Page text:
Homeopathic Products

Health |

Homeopathy is based on the idea that greatly diluted substances can have powerful therapeutic effects on the body. Homeopathy’s originator, Samuel Hahnemann, also believed that all chronic ailments have three sources: syphilis, venereal warts and “psora” (Greek for “itch”). These ideas are utter nonsense, but the U.S. Food and Drug Administration permits homeopathic products to be marketed without proof that they work as claimed. NSP markets more than 50 homeopathic products, most of which are named after a disease or symptom.

The product Parasites, for example, is said to be for “minor intestinal symptoms associated with parasites such as bloating, abdominal pain, flatulence and diarrhea.” The product Gout is for “minor pain, heat, redness and swelling associated with gouty inflammation of the joints.” Incontinence is for “occasional minor bladder incontinence (involuntary urination) in adults.” Depressaquel is designed “to assist in the reduction of minor feelings of melancholy, apathy and listlessness by lifting the mood and mental outlook.” And so on. Each product contains minute amounts of about 10 ingredients.

An NSP manual depicts the label of each homeopathic product on a separate page, followed by long lists of symptoms said to be associated with each ingredient. For example, Gout contains a 1 to 100,000 dilution of poison ivy, which is “associated” with “rheumatic and gouty conditions which worsen in cold, wet weather, improve with movement.” The manual also lists “nutritional support companion products” for many of the homeopathic products. This setup enables NSP to suggest therapeutic uses for herbal products and supplements without making explicit claims for them.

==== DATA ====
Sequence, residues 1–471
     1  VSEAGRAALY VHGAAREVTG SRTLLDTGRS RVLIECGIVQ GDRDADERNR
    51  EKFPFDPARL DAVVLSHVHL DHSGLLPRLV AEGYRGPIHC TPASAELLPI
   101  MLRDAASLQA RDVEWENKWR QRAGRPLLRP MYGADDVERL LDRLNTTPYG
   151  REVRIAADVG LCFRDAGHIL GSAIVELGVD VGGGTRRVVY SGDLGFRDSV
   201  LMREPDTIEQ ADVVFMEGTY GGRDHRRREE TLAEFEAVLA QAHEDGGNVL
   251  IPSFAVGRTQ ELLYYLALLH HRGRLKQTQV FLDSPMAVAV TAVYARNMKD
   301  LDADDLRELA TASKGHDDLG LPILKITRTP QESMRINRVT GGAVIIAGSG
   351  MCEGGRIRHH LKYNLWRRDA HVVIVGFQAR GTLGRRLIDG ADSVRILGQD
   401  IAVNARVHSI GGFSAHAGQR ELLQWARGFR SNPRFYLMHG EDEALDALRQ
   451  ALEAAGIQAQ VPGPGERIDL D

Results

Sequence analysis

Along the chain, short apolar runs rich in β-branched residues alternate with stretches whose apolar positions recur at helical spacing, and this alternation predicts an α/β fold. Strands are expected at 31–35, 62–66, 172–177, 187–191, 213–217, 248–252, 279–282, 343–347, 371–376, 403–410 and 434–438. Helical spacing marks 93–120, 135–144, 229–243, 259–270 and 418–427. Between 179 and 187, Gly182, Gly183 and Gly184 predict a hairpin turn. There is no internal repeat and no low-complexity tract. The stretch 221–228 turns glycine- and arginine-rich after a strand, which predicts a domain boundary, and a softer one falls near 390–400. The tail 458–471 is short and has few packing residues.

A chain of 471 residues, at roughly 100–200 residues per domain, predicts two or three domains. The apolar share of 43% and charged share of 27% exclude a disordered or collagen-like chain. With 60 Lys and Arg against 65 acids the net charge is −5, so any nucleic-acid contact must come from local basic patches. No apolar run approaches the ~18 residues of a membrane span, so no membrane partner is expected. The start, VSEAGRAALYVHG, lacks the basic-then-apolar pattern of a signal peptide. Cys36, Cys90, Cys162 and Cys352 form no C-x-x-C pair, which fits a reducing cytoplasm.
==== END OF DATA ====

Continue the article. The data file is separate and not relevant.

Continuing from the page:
The July 1992 issue of NSP’s Horizons Bulletin states: “Because only minute dilutions of the original substance remain in a homeopathic remedy, side effects are almost unknown. No one knows just how such dilutions work, but thousands of people attest to their effectiveness. … [including] singer Tina Turner and actress Lindsay Wagner.” It further states:

Homeopathy enjoys formal recognition as a branch of medicine under federal law. Homeopathic remedies, considered over-the-counter medications by the FDA, are available without prescription, and are specifically designed to remedy common self-diagnosable conditions.

This statement is only partly true. The FDA has not “recognized” homeopathy “as a branch of medicine.” A provision of the 1938 federal Food, Drug and Cosmetic Act recognized substances listed in the U.S. Homeopathic Pharmacopeia as drugs. The recognition was an act of Congress spearheaded by a senator who was a homeopathic physician. It was not based on scientific evidence of effectiveness, but was a political decision.

Although the FDA could require that homeopathic remedies be proven effective in order to remain on the market, it has not chosen to do so. FDA enforcement officials do not believe that homeopathic remedies are effective therapeutic agents.

They have merely made a political decision to ignore them unless they are marketed for the treatment of cancer or other serious diseases.

FDA regulatory guidelines state that “nonprescription homeopathics may be sold only for self-limiting conditions recognizable by consumers” and that their labeling “must adequately instruct consumers in the product’s safe use.” Parasites, depression, gout, incontinence and several other conditions for which NSP markets products do not appear to meet these criteria.